10:41 AM, Nov 15, 2022
Unclogging the Senate
tagged with politics
If Raphael Warnock gets reelected, what happens to the Senate filibuster? One of the promises of John Fetterman's campaign was to "be the 51st vote" against the filibuster. Joe Manchin has made it abundantly clear that he will not side with his party on this matter, and this position is enormously popular among voters in his home state, so he really has no reason to deviate from that.
There is another potential barrier to the elimination of the filibuster, in Arizona Senator Kyrsten Sinema. It has been thought for a long while that she fears upsetting Republican voters in what has long been thought to be a red state. But when she woke up this morning, MAGA extremism had a big black eye in Arizona, fresh off a sharp working-over by the electorate. She may now find that Arizona is a safe place to be a Democrat. Also, having been condemned by her party for her opposition even to filibuster carve-outs for various things she supports, she has to be looking to 2024, an election in which she will have to survive a Democratic primary set against her past intransigence. Will she get on board to end the filibuster? What about Lisa Murkowski? Mitt Romney? Susan Collins? What about J.D. Vance, who in his victory speech never mentioned Trump once among the dozens of people to whom he was grateful for his success? A strong message to herald a new era of bipartisan compromise and cooperation would be a willingness to reach across the aisle.
Dream with me for a bit, about a Senate without the filibuster.
The filibuster has for years protected Republican Senators from the political consequences of their positions. For example, there are currently enough votes in the Senate to codify abortion rights and bodily autonomy, but without 60 Senators in support, it cannot come to a vote. Those who might vote against it are protected by the filibuster, so they never have to show their constituents what their position is. In this way, they can stump for both sides, getting greater electoral and financial support for remaining in office, without having any legislative evidence of basically anything other than renaming post offices and funding the military.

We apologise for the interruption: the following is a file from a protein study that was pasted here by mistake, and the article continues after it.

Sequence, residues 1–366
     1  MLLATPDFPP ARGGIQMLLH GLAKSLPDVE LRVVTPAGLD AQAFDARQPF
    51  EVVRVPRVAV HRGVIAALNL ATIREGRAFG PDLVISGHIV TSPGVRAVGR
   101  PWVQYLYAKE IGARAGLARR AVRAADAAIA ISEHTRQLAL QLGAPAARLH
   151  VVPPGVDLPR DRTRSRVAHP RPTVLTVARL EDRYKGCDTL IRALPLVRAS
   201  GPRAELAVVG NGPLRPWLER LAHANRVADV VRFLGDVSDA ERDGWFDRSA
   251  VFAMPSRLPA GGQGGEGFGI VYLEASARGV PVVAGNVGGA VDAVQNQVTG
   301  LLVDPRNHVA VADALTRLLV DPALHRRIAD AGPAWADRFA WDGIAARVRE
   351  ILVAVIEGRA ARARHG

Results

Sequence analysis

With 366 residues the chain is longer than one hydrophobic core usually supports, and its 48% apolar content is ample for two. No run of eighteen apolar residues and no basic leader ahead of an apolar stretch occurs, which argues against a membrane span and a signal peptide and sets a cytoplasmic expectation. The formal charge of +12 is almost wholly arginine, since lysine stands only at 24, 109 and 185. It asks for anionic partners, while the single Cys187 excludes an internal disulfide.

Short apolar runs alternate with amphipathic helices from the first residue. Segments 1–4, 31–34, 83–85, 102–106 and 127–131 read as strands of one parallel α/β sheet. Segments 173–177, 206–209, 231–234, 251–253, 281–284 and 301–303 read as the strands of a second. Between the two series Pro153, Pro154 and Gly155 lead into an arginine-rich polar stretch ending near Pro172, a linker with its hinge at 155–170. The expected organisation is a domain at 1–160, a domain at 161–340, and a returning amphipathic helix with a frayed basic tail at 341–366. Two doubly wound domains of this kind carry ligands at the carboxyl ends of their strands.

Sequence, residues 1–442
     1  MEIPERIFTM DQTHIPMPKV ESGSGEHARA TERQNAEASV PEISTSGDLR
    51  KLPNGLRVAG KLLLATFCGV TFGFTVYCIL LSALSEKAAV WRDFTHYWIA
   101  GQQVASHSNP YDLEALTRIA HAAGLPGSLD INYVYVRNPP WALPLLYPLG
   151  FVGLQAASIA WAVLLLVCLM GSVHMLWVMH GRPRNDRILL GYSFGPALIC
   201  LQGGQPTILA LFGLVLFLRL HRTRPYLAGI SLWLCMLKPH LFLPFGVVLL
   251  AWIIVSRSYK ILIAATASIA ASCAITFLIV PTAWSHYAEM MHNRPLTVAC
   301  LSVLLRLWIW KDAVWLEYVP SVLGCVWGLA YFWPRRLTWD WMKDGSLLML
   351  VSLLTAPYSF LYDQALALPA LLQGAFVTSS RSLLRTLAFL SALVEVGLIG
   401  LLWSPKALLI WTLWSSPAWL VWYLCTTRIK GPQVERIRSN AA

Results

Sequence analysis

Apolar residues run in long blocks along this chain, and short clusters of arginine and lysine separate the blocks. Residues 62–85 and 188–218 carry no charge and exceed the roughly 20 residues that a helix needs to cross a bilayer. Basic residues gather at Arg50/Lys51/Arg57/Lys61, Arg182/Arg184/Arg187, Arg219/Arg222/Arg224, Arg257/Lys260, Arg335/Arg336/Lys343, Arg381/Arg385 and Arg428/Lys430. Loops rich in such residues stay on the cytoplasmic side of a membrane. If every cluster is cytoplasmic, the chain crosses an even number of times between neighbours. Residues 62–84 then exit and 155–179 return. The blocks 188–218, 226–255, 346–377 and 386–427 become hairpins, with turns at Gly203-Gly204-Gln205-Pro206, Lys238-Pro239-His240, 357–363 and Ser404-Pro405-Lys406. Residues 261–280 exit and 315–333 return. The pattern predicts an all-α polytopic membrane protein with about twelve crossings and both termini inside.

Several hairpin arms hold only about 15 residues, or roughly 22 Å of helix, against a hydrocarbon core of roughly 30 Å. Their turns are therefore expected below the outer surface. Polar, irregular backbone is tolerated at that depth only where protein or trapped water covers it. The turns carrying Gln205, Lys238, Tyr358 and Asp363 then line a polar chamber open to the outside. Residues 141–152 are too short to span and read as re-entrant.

If the filibuster is removed though, that game of playing to both sides is no longer possible. Just like in real life, Senators would be politically liable for the things they say. For the first time since our grandparents' grandparents walked the earth with Giant Sloths and Woolly Mammoths, Senators would be answerable to their constituents for their on-the-record positions. Voters who disagree with them would have concrete data about their Senators to better inform their ballot-punching. In short, the end of the filibuster would usher in a new era of accountability, cooperation, and bipartisan coalition-building.
If Raphael Warnock is reelected, the barrier to removing the filibuster drops to a single Senator. The GOP needs to find its feet, and in so doing, could produce some "mavericks," who might work toward the future I described. We can only hope and watch.